The next comparison shows the single-family area (Figure 2). The original plan had 52 single-family homes.  The total area of home pads was 93,207 sq.ft., or 1,726 sq.ft. per house including the garage.  The 64 single-family homes in the Prefurbia neighborhood cover 114,526 sq.ft., equating to 1,789 sq.ft. average per unit, a gain of 63 sq.ft. on the main floor.  If the single-family homes sell at $150 per square foot, then the value in the Prefurbia plan would be $9,450 greater per unit.   

On the conventional plan, upon entering the development, you immediately look directly into the rear of homes, which is typical of suburban designs.  In this neighborhood, the rears of the homes will not have any architectural elements to foster a sense of value, nor will the exposed rear yards that will likely become cluttered over time.   In the original plan, there are two forms of single family, one with shared driveways that service side-entry garages.  The Prefurbia neighborhood uses coving, which eliminates monotony, provides a much greater sense of space, affords a larger average lot size, exceeds ordinance minimums, and hides the rear yards.

There are additional intangible differences.  The Prefurbia neighborhood uses architectural space as a component of the neighborhood functionality.  In the original plan, there are a variety of lot shapes, but the home is a standard configuration.  Prefurbia encourages (but does not demand) the home to fit the shape of the lot, increasing curb appeal and connection to surrounding open spaces.

The Prefurbia single-family homes all have front porches.  Do people actually sit on their front porch?  Not always, but adding a front porch creates hominess for the neighborhood.  It forms a connection from exterior to interior living spaces.  Again, this is an intangible value but an important one to leverage sales and create lasting value.

The Prefurbia neighborhood provides 3.35 acres in common open space (park area), which compares favorably to the conventional before-plan that provides 0.00 acres of park.

Regarding driveway coverage, the original plan consumed 49,311 sq.ft. of surface area or 950 sq.ft. per home compared to the Prefurbia neighborhood at 49,984 sq.ft. total averaging 781 sq.ft. per home!  Each driveway is tapered to the street, reducing paving, and each has individual geometry to reduce monotony.  The 170 sq.ft. average reduction decreases construction costs by approximately $1,200 per home at $7 a square foot for installed driveway with a base.  And that is without using the art of sculpting the single-family driveways with landscaped areas (see part three)—which would have reduced the driveway volume another 25%!  Note that the townhome driveways used this low-impact design method.

To compare the non-residential areas, we combine the area of the apartment (or condominium) buildings and the commercial areas of the original plan and see it provides 165,269 sq.ft. of ground-level leasable area.  The Prefurbia neighborhood provides 153,975 sq.ft. of leasable area.  Because we are converting apartment parking to commercial uses, we increased the ratio of parking, explaining why we gained 60 parking spaces.  But again, the intangibles come into play.  Retail space buried internal to a small land development might be socially responsible (residents have their coffee shop they can walk to), but it may not be practical.  Since this is a small-scale development, the entire site is well within walking convenience.  Creating commercial uses that become part of the neighborhood, but are visible to the rest of the consumers within town, increases the value to both commercial and residential uses.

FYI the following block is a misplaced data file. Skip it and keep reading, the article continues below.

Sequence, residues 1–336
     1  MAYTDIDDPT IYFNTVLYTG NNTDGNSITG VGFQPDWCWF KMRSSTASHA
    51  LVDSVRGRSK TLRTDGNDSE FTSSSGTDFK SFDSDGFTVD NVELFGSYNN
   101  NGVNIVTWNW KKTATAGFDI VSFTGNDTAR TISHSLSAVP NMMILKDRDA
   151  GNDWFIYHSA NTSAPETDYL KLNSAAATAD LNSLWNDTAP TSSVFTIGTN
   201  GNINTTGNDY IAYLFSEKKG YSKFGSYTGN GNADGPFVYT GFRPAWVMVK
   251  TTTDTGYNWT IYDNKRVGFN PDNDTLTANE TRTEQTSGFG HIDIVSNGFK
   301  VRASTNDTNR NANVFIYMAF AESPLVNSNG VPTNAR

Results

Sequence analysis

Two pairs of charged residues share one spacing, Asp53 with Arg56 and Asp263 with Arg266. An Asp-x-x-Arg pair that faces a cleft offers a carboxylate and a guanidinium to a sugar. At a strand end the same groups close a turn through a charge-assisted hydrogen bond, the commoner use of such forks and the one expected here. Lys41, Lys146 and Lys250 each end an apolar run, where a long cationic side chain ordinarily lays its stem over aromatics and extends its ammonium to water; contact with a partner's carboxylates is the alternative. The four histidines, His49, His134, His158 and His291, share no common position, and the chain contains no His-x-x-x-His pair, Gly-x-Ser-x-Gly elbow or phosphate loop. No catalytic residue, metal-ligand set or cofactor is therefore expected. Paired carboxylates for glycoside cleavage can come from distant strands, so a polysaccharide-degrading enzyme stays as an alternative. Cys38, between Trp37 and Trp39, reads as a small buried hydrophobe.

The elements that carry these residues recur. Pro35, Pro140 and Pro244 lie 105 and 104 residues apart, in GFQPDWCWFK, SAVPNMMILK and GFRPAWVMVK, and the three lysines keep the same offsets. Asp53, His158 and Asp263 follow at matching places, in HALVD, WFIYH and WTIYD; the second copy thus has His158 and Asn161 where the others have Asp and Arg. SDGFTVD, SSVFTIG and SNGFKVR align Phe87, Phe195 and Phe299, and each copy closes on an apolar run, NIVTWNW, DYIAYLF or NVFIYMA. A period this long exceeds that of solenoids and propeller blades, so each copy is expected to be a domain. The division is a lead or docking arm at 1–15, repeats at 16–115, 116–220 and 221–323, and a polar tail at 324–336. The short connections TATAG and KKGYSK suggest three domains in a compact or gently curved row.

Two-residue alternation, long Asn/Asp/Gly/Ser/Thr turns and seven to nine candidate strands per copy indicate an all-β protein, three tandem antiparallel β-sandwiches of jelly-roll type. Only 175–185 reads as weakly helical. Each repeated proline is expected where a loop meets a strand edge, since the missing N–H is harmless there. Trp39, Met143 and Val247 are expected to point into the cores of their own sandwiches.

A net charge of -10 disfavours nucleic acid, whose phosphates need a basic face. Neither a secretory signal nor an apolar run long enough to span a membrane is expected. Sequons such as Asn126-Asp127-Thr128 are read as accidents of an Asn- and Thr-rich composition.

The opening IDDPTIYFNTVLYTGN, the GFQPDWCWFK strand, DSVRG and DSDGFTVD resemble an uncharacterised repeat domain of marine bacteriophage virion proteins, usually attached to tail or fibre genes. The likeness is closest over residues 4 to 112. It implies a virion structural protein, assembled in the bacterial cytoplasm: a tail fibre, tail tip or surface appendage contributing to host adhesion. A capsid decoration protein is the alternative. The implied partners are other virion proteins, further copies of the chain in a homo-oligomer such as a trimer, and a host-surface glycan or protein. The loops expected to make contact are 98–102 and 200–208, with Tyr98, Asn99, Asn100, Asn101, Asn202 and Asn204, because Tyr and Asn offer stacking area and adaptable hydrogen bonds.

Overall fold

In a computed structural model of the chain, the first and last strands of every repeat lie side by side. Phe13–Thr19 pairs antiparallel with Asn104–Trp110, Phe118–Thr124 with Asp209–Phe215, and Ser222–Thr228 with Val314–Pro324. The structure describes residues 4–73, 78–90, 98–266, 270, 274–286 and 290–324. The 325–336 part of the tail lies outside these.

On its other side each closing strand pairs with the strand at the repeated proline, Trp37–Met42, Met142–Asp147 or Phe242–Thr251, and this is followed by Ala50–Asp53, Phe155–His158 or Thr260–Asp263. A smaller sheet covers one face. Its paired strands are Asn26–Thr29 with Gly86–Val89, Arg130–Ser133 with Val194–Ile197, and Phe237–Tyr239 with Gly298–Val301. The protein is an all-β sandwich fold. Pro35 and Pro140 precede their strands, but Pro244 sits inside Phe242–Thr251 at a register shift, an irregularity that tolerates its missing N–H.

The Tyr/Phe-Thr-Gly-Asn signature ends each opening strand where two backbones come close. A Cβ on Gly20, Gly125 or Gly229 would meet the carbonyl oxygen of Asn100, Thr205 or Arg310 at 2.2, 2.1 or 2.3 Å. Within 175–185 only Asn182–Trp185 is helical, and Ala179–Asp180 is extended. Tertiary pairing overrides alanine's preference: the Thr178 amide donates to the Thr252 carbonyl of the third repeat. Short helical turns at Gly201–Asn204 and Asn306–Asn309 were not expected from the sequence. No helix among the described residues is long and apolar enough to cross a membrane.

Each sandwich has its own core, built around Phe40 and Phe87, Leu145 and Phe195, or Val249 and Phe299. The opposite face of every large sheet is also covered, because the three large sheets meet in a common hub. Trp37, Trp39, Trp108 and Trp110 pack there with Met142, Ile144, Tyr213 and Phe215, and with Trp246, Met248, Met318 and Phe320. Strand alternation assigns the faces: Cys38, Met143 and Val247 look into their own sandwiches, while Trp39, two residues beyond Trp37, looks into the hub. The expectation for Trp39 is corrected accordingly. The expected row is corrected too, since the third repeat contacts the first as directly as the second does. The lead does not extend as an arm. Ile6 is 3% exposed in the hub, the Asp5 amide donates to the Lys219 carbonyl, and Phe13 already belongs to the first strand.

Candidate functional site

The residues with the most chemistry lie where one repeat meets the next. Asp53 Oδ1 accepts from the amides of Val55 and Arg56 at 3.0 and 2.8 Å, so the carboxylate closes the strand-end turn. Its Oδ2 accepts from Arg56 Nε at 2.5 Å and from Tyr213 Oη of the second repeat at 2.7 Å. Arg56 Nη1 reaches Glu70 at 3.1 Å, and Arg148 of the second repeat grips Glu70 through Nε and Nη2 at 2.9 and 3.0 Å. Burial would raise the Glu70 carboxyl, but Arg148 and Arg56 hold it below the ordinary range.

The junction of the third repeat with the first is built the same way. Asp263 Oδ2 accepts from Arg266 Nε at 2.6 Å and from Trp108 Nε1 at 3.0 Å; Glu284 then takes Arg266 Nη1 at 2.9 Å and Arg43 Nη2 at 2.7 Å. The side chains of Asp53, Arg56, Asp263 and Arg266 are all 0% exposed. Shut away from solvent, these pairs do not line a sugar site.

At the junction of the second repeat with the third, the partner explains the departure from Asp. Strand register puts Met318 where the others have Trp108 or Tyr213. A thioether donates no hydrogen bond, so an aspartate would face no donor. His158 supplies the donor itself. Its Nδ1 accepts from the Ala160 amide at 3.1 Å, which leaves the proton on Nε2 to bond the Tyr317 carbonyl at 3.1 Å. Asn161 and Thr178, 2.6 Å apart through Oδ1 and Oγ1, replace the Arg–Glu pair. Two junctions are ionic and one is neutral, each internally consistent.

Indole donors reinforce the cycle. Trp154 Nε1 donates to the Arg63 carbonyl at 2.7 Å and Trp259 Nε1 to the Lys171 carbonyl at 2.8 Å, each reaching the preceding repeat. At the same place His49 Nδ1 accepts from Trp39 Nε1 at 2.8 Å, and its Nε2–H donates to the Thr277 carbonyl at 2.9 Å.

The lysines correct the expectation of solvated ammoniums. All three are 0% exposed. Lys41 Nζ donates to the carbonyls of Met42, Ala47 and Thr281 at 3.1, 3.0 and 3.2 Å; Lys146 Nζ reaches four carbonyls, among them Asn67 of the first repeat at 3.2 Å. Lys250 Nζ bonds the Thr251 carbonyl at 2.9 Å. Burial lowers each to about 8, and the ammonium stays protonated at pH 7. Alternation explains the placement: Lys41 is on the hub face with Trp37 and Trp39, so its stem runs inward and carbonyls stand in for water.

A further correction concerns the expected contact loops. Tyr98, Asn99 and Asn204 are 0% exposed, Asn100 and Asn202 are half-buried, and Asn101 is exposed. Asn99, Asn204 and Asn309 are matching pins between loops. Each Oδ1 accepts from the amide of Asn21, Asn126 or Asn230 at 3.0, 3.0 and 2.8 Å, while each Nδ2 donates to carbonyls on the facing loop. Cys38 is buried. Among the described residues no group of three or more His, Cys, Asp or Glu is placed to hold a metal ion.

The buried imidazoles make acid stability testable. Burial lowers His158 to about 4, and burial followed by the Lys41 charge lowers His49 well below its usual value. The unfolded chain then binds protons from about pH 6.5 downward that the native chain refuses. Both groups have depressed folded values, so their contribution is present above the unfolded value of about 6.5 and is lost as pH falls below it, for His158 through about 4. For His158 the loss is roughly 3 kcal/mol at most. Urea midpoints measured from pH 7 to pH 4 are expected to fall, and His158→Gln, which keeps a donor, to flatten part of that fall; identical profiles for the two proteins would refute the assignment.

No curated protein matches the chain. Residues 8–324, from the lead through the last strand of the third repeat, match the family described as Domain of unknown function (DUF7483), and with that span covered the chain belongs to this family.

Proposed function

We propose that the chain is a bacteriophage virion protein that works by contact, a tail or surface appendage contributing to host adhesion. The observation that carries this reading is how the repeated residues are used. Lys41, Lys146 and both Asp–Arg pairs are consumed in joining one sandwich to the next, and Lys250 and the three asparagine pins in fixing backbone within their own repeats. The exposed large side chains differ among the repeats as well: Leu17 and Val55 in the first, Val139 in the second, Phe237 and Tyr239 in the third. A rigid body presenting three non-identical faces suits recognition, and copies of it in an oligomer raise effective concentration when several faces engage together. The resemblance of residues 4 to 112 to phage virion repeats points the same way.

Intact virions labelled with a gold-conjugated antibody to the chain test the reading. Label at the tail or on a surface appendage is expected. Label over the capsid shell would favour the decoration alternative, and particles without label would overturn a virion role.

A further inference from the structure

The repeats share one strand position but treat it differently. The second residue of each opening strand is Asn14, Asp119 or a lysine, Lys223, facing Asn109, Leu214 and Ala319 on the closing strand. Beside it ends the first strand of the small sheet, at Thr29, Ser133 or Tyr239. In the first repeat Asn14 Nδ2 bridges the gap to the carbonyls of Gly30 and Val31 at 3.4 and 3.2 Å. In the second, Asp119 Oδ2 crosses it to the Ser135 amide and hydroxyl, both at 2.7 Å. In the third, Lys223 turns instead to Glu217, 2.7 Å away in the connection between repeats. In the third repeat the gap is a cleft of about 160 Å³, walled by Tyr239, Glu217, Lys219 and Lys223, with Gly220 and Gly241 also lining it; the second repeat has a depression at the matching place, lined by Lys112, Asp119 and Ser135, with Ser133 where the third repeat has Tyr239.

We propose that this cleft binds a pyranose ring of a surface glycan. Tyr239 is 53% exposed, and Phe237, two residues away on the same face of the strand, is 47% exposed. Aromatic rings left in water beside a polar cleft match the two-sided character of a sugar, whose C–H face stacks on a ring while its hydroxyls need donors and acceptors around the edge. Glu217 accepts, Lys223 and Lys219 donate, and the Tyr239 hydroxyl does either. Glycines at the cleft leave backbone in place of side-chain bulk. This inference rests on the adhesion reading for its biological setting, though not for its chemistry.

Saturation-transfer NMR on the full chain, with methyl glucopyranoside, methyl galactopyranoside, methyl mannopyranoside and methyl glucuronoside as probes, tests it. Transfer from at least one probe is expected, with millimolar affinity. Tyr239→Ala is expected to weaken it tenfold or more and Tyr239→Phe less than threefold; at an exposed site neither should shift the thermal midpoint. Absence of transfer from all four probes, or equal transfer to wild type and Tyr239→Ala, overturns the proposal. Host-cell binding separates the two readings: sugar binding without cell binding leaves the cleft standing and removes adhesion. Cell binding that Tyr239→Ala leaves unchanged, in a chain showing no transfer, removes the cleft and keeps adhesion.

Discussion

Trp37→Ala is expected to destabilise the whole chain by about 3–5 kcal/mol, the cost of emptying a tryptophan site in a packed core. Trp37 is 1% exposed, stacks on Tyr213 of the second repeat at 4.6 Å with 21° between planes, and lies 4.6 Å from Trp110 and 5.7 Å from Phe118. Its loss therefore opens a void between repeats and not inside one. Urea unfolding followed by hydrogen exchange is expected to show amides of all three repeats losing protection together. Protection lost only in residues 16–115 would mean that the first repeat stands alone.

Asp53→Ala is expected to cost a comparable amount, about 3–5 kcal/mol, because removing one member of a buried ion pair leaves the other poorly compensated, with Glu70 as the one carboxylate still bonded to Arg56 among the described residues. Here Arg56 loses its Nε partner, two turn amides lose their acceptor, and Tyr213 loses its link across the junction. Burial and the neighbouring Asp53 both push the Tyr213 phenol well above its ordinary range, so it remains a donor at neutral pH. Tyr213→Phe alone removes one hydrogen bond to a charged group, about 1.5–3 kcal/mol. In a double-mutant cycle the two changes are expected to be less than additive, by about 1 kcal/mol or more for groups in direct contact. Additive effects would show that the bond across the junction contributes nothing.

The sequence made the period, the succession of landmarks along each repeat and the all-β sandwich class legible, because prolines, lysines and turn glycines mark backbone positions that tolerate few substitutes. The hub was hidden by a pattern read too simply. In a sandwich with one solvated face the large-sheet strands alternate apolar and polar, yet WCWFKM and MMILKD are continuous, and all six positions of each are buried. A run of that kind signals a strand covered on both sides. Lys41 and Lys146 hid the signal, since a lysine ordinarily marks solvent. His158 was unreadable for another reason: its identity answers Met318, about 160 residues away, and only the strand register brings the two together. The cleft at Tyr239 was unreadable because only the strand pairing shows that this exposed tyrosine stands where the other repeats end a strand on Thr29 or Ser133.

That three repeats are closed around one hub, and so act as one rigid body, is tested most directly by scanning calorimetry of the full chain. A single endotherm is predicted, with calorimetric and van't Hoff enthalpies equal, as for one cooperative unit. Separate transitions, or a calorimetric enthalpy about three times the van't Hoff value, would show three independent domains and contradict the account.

As a side note, all of the above methods and how to compile information is taught in Performance Planning System (PPS), which provides survey-accurate spatial information based on the physical coordinate geometry created during the design phases.

There is no such thing as a perfect plan. Every design is a compromise.  Creating a subdivision plat where the main thought is how to squeeze every possible lot onto a developer’s tract is so out of balance it’s off the charts.  Prefurbia is all about balance, providing the elements that make a development a neighborhood, not some numeric exercise automated by a few mouse-button presses in a CAD system to knock a plan out the door as fast as possible.  Prefurbia balances the economic and environmental impacts of development while creating a neighborhood that is a wonderful place to live, work, and shop.  The neighborhood in passing the test of time could be called sustainable.
Rick Harrison, author of Prefurbia and creator of Coving, is president of Rick Harrison Site Design Studio, which offers cutting-edge design solutions that enhance quality of life with the beauty of the natural environment. His technology, Performance Planning System, is marketed through Neighborhood Innovations, LLC.